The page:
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BLUF: My manager has asked to do my mid-year performance review during dinner - what behaviors can I engage in to mitigate any risk and make the most out of this?

Background: I've worked for nearly three years for a small practice which was acquired by a larger organization.  Up until this year, there were no formal employee reviews or evaluations.  As part of our integration with the larger enterprise, my manager is now being required to conduct mid-year and annual reviews.  While the paper review I was sent ahead of time is overwhelmingly positive, I decided to take my manager up on his offer to have a more in-depth discussion with the thought of working in the guidance from the Informal 360. I should also note that I'm part of a remote team and I only see my manager face-to-face twice a year or so (if that) and that there's been very minimal individual feedback.

As I mentioned, I'm not so much concerned with what's on paper for my review and I'm not particularly concerned with my actual performance as I'm frequently identified as a top performer.  Still, something about this whole situation has left me uneasy.  Sure, a performance discussion over dinner isn't the ideal situation - but I'm used to dealing with less than ideal.  I think there's something else there but I'm not sure what is is.  So without clear insight as to what's nagging at me, back to the questions humbly submitted for your consideration:

  1. What risks do you see here (other than the usual business meal-related dangers) and how can I mitigate them?
  2. Aside from mitigation, what can I do to make the most out of this opportunity for performance feedback?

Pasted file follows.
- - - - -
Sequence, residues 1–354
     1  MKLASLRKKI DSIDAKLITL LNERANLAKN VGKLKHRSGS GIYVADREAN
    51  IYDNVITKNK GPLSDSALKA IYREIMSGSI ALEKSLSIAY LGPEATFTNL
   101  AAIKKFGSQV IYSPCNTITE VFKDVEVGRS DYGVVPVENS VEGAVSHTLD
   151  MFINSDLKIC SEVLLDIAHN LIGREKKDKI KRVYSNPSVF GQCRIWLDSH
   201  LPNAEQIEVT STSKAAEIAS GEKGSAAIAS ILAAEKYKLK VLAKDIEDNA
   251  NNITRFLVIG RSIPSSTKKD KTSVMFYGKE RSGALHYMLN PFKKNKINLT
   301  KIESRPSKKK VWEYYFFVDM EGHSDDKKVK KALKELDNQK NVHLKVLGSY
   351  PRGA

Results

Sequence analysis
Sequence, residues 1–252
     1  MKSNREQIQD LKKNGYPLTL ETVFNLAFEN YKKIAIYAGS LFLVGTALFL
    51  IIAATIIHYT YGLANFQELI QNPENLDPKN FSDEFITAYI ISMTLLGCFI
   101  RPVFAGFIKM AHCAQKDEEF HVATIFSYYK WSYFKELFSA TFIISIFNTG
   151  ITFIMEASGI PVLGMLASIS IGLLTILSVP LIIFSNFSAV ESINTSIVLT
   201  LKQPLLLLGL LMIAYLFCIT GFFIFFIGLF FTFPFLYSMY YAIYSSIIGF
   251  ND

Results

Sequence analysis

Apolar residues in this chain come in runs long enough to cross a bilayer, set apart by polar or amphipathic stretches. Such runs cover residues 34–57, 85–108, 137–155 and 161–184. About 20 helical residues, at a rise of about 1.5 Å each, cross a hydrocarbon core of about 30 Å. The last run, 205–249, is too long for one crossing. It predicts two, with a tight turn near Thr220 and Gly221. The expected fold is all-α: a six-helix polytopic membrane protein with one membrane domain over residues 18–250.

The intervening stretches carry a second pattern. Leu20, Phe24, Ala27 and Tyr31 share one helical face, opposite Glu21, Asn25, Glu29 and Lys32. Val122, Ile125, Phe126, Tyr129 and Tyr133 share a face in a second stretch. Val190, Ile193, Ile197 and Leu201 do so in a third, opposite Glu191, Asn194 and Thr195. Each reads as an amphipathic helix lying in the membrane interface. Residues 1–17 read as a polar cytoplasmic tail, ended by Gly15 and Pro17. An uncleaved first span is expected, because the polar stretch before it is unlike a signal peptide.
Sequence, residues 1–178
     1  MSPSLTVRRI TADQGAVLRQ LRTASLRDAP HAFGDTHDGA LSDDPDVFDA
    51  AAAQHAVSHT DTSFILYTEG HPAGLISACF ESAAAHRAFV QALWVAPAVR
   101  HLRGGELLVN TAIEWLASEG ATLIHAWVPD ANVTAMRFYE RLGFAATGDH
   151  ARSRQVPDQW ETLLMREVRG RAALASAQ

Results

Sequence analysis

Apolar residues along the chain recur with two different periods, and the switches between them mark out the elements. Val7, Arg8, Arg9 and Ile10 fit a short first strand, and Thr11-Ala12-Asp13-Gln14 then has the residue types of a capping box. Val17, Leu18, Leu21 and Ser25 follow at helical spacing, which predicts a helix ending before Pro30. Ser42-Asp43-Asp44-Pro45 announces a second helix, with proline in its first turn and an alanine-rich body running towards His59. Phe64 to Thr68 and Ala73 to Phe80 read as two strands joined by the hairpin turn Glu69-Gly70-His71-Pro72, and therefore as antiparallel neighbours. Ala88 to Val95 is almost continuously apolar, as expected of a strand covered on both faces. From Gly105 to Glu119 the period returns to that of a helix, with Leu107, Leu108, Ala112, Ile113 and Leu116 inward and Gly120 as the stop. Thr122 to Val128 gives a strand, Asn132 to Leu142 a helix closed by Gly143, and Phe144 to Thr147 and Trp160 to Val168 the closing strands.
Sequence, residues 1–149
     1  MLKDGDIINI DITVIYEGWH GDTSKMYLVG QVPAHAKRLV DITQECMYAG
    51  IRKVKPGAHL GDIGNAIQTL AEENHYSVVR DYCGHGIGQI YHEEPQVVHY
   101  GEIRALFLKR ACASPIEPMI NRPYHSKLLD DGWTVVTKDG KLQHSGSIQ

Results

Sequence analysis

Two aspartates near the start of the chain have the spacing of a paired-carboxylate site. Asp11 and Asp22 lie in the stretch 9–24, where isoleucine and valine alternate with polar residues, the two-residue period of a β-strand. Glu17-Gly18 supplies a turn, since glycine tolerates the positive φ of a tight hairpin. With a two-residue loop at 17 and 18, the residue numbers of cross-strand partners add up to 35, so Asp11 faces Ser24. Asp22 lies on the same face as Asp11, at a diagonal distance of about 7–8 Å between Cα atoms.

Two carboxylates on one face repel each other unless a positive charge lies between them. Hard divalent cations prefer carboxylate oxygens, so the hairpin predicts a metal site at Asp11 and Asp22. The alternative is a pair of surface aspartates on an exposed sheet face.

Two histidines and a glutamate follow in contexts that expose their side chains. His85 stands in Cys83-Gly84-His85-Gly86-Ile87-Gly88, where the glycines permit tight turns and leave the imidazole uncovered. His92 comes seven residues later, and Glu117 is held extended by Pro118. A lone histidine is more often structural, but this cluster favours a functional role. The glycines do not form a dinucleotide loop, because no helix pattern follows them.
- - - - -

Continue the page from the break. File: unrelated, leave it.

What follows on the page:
Thanks in advance.

mmann's picture

For your first question, use the standard approach for a business meal... don't order anything you eat with fingers or has a drippy sauce.  Order something which doesn't require a lot of chewing.  I typically look in the seafood area.  Scallops, crab cakes, or a flakey fish are all good options.  If possible, review the restaurant's online menu and know what you're going to order.  During the meal, speak, ask a question, and while your boss is responding, take a bite.  There's a cast about interviewing during lunch.  The pointers there will mostly apply.

For the second question, order coffee and use that time to your advantage.  Consider asking your boss about upcoming initiatives.

  Good luck,
--Michael

apocaloptimist's picture

Thanks, Michael!  I think your guidance is solid and my manager has been giving me some insight as to the what the conversation will be about so I'm considerably less nervous.  I suspect my unease was primarily driven by the fact that I've been operating in a void these past few years and now, suddenly, feedback! :)

-A